Security has been stepped up across Mogadishu ahead of a national reconciliation conference on Sunday.
The Islamic Courts militia say the venue is not neutral
Hundreds of Ethiopian and government troops have been deployed to secure the Somali capital city.
Mogadishu has suffered constant attacks from local militias and remnants of the Islamic Courts, driven out by Ethiopian forces at the end of last year.
More than 1,000 Somali elders, drawn from the country's fragmented clans, will attend the conference.
Ethiopia has reinforced its presence in the city, intensively patrolling the area around the former police transport headquarters where the delegates will meet.
The conference will be held with the blessing of UN Secretary General Ban Ki-Moon and the United States.
But many Somalis are sceptical that genuine reconciliation will be achieved.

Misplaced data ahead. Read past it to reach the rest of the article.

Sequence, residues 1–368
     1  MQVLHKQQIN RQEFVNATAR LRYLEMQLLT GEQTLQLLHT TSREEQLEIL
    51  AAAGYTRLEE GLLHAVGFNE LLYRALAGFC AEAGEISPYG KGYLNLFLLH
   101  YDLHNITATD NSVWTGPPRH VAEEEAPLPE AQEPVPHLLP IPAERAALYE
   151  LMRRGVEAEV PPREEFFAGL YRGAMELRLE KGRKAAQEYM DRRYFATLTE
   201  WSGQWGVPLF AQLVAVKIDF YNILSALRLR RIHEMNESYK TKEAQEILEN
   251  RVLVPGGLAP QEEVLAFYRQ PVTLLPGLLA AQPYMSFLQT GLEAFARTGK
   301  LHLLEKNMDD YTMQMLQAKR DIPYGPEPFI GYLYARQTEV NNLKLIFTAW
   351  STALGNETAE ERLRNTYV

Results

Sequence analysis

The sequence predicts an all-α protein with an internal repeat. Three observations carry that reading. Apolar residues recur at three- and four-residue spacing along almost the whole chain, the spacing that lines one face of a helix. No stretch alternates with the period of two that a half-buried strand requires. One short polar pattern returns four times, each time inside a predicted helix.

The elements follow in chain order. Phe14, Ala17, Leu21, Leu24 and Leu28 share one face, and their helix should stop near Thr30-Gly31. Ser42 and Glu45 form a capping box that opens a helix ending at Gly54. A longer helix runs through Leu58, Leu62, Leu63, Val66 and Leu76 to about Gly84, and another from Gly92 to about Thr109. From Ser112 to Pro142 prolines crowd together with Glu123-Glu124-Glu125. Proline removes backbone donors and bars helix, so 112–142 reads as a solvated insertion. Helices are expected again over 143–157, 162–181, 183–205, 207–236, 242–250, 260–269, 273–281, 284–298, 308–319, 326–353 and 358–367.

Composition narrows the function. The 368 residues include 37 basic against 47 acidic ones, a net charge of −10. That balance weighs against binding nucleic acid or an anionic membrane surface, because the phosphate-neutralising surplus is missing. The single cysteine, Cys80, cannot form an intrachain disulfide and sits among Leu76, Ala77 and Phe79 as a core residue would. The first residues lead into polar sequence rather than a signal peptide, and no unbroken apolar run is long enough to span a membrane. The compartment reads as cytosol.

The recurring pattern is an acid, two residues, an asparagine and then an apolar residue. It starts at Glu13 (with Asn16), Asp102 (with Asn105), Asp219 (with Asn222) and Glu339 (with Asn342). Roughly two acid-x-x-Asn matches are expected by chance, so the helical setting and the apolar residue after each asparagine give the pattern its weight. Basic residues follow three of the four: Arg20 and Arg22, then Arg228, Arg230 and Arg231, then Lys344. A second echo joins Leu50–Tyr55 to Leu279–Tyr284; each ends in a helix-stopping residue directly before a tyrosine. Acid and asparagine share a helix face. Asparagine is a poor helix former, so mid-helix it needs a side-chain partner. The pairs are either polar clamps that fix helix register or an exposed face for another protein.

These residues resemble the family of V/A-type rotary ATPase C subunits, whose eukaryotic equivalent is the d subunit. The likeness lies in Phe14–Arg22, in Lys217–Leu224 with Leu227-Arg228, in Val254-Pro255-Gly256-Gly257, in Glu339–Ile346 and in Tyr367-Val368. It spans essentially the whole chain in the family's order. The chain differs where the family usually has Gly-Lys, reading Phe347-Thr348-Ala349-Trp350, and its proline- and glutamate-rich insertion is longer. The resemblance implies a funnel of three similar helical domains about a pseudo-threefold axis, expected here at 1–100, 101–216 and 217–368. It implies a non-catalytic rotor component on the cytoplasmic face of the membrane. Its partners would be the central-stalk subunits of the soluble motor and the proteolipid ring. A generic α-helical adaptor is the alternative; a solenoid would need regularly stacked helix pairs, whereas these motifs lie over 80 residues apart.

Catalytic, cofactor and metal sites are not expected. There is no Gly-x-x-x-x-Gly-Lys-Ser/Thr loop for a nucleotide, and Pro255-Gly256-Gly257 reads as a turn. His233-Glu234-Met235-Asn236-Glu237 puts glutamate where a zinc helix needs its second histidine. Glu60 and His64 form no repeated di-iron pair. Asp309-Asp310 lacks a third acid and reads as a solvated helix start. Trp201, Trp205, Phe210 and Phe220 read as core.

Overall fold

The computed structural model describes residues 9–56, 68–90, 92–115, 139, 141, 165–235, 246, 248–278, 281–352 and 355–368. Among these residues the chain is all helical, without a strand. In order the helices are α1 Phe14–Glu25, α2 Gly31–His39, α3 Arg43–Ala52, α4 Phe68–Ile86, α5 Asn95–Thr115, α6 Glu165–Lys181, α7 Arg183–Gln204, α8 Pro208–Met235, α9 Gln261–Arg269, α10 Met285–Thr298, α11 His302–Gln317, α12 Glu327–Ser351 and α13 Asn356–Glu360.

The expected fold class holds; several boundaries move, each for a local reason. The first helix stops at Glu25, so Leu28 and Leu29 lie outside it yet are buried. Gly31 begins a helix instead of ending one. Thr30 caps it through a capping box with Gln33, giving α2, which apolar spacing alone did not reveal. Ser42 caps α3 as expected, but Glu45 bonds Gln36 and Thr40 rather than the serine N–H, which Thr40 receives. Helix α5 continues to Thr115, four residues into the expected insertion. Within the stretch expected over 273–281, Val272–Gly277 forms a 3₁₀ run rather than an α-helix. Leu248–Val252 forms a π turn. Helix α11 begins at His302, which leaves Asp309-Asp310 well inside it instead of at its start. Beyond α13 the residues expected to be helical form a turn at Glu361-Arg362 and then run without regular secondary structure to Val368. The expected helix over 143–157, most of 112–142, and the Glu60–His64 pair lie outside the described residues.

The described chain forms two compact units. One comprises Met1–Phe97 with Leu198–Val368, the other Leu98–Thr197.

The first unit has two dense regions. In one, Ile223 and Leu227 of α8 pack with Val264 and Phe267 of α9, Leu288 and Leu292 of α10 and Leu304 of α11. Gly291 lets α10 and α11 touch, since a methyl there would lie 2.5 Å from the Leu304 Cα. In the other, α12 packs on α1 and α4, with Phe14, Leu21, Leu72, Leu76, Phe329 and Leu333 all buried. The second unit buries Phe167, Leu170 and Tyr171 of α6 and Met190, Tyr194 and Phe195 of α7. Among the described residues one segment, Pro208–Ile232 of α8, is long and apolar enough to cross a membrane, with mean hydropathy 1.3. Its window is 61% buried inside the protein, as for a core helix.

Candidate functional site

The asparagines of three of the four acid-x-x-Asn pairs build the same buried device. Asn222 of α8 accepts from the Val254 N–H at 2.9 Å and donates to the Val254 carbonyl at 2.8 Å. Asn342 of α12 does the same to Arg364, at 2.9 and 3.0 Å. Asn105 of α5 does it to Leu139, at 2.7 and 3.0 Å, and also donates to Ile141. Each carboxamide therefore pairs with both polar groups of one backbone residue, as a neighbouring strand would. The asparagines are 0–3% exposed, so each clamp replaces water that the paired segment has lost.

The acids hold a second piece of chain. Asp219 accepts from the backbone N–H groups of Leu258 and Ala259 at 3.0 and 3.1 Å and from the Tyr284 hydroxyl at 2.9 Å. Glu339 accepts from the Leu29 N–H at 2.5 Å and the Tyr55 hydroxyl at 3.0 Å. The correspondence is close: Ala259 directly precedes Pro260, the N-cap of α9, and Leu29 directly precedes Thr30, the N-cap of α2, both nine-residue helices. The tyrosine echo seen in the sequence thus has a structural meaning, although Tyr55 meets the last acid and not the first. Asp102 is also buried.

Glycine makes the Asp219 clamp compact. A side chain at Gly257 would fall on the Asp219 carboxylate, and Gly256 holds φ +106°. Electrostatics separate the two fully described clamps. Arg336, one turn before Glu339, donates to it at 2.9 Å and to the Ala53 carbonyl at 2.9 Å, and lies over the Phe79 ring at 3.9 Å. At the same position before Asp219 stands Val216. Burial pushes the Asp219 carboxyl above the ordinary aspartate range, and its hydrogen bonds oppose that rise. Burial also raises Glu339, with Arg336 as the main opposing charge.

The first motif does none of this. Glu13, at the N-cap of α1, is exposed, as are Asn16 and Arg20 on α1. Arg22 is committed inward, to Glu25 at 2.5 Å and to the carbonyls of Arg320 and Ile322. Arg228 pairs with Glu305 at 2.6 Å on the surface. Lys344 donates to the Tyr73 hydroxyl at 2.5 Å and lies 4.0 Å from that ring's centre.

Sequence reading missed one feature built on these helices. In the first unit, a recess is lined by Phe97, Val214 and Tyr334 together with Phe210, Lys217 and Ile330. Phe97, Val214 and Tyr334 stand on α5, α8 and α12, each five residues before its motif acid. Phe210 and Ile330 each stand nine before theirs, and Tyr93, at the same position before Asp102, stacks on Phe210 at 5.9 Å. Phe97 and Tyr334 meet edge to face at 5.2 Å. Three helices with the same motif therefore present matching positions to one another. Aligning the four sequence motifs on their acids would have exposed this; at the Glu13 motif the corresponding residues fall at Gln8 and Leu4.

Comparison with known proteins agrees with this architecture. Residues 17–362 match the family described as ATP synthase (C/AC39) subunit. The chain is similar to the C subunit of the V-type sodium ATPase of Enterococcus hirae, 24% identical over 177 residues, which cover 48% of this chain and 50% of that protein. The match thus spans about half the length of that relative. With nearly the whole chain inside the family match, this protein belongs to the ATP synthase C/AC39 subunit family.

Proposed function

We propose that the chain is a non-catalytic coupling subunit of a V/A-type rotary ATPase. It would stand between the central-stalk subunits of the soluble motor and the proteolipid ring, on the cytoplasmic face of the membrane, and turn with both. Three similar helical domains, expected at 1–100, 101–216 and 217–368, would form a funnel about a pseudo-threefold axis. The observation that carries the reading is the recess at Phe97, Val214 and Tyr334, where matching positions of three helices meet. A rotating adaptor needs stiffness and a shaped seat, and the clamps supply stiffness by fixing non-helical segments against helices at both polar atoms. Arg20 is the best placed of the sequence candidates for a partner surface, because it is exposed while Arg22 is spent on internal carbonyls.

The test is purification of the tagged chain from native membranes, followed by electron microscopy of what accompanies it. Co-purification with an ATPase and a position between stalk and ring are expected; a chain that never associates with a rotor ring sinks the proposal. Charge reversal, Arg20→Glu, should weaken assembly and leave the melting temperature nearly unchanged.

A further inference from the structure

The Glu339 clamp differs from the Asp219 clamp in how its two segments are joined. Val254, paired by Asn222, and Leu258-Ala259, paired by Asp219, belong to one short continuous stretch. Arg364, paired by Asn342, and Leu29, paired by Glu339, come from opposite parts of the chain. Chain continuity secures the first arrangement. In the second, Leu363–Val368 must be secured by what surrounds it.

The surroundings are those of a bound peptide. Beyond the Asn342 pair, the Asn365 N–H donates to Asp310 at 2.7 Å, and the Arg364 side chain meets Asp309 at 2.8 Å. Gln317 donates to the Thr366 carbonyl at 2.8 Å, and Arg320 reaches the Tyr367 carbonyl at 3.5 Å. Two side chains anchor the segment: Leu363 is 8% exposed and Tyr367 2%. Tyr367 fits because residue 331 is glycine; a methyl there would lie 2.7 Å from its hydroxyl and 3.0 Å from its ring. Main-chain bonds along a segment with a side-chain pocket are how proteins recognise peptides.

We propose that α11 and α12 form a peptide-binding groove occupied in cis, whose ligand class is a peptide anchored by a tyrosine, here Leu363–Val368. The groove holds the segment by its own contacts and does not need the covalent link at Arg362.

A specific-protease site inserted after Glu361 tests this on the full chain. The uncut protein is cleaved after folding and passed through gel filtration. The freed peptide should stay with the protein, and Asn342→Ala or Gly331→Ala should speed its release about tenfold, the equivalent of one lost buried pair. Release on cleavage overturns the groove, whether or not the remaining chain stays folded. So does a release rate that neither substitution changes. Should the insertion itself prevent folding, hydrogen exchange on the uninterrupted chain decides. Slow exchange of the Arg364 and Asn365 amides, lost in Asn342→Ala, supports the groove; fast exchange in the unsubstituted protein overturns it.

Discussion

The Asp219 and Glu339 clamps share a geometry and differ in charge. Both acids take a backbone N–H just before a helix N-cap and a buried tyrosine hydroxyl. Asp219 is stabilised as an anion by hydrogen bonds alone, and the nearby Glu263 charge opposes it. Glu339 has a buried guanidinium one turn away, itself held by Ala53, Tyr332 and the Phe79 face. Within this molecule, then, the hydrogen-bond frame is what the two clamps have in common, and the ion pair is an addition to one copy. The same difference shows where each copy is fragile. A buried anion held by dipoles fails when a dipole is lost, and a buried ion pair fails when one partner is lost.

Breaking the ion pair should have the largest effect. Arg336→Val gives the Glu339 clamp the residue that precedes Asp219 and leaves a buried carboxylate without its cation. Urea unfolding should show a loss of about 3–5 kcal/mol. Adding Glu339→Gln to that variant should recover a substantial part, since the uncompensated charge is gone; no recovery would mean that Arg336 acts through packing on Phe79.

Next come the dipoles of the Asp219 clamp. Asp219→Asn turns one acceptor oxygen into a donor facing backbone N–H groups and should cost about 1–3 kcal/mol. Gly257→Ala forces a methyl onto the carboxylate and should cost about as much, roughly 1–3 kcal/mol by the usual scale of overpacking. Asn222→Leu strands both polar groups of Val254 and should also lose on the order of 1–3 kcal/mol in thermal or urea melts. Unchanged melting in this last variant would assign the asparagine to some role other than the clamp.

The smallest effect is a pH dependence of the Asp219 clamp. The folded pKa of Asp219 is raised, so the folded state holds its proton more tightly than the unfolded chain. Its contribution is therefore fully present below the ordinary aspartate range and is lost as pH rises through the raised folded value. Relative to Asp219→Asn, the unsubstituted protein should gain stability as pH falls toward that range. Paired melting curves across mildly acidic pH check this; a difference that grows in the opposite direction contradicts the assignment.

The Islamic Courts, many of whom are now in exile in Eritrea, argue they could not attend since the meeting was not held on neutral territory but under the guns of their Ethiopian enemies.
Some clan elders claim they were never invited.
And then there is the precedent of past attempts to end the Somali crisis, which has left the country without a functioning government for the last sixteen years.
All failed to bring about a genuine peace.
There is only the slimmest of prospects that this attempt will be any different.